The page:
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|Originaltitel:||Alita: Battle Angel|
|Genre:||Sci-Fi, Action, Adventure, Fantasy|
|Laufzeit:||About 122 min.|
|FSK:||From 12 years|
In the distant future, after a devastating war, the world has become almost uninhabitable. 300 years after this war, the survivors, ordinary people and cybernetically improved people, have united in Iron City. They live in the shadow of Zalem, one of the last big cities in the sky, where only the rich and privileged are allowed to live. When the cyber doctor Ido (Christoph Waltz) finds the remains of the cyborg teenager Alita (Rosa Salazar) at a scrap yard in Iron City, he repairs the girl and takes her under his wing. It soon becomes clear that Alita is carrying a mysterious secret from her past that she can't remember. While Ido tries to protect her from finding out too much about her old life, the cyborg girl leaves no stone unturned to get her memories back. Young Hugo (Keean Johnson), who is working hard to get to Zalem at some point, could help her. But as a special connection develops between Hugo and Alita, dark forces discover the girl's secret powers and want to win her over for their purposes…
"Alita: Battle Angel" was a passionate project of director James Cameron for many years. The Manga series by Japanese comic artist Yukito Kishiro, first published in 1991, was designed by Cameron to be as elaborate and faithful to the original as possible on the big screen. But the work on "Avatar" delayed the project, which Cameron still didn't want to give up. Only when he realized that he would be busy with the sequels of his SiFi epic for years to come did he hand over the direction to Robert Rodriguez, who was now allowed to spend a mega budget of 170 million dollars on the realization of Cameron's vision.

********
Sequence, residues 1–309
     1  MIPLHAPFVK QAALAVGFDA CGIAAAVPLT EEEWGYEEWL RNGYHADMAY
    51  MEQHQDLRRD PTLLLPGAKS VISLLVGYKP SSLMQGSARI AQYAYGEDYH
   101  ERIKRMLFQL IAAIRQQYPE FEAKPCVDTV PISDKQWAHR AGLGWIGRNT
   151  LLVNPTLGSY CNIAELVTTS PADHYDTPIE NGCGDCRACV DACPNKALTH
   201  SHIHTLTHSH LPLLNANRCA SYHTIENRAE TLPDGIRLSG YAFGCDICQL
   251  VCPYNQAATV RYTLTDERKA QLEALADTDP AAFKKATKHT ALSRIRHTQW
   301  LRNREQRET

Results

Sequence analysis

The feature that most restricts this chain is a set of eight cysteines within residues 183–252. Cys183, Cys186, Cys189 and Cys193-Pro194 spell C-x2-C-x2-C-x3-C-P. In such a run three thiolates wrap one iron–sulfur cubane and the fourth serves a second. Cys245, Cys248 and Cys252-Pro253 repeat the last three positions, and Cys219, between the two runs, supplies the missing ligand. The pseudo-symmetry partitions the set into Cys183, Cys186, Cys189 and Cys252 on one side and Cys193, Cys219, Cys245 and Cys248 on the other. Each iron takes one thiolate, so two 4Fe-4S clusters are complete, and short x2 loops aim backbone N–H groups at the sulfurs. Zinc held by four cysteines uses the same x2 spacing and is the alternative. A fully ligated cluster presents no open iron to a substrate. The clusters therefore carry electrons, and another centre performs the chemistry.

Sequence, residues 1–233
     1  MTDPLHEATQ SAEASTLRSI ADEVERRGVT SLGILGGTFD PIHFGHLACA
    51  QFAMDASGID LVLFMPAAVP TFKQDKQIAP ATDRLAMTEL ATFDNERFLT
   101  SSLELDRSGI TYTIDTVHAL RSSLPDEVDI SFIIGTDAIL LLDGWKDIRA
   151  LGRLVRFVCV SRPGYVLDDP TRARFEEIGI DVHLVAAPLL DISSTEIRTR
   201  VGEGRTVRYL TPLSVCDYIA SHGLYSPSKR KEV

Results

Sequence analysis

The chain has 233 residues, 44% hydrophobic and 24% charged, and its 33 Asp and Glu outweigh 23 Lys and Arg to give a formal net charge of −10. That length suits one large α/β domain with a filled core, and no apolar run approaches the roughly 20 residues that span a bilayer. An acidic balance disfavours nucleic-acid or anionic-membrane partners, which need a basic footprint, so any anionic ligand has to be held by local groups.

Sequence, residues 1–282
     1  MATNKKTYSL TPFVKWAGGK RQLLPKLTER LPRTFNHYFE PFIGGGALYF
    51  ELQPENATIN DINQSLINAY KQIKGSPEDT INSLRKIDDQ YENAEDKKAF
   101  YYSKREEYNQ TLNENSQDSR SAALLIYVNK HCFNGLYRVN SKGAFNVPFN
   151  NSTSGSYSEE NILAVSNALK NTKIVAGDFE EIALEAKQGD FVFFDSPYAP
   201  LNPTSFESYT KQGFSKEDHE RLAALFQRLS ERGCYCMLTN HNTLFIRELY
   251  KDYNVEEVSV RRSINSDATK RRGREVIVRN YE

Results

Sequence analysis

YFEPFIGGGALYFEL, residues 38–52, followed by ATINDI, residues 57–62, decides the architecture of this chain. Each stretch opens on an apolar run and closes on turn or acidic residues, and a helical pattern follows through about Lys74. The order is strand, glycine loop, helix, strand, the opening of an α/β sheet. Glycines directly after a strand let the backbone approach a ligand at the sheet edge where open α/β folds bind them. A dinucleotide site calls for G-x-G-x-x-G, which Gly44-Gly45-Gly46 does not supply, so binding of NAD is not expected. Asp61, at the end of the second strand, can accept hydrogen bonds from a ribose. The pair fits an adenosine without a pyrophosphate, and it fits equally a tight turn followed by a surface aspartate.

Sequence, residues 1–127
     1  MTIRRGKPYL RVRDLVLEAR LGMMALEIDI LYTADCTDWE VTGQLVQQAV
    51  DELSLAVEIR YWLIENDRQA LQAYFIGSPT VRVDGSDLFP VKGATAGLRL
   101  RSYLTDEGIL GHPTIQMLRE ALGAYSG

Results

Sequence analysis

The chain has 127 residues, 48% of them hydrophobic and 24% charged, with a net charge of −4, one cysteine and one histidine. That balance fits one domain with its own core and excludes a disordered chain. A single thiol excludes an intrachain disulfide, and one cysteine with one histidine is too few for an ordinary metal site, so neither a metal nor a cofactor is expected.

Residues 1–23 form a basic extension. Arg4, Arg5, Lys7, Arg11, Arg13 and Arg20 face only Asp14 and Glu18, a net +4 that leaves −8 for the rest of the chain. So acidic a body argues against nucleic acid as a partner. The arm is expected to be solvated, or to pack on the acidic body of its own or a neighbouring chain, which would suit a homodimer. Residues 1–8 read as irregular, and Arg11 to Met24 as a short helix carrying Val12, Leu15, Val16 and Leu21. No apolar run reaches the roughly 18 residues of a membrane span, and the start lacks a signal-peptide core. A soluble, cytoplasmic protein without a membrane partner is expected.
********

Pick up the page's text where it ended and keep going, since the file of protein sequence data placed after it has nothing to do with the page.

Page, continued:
No question: The movie looks great. Alita's big manga eyes take as much getting used to as the looks of some cyber-people, who hunt Alita down as so-called hunter-killers. But otherwise the effects are the movie's biggest strength. But technical perfection is of little help if the rest has no soul. The story, which unites elements from different volumes of the Manga series and also makes lively use of other genre classics such as "Rollerball" or "Blade Runner", never really manages to captivate the audience. Many interesting aspects are touched upon, but these are never properly elaborated.
The characters remain as superficial as the story itself. Ido, charmingly played by Christoph Waltz, is an interesting character, but he is denied any chance to tell the audience more about himself. The same applies to his ex-wife, played by Jennifer Connelly, who would literally walk over dead bodies to come back to Zalem. It would have been interesting to get an insight into her old life in order to better understand her motivation.
"Alita: Battle Angel" is a collection of good possibilities, which are, however, only implemented on average. An epic that is visually thrilling but emotionally cold. And if it becomes really interesting, then the spook is already over. The probability that the quasi-cliffhanger will be dissolved tends towards zero according to initial forecasts. After all: Those who prefer show values to a mature story will get their money's worth here. Therefore there is, with some exceptions, also a good one: Worth seeing!
Ein Artikel von Frankfurt-Tipp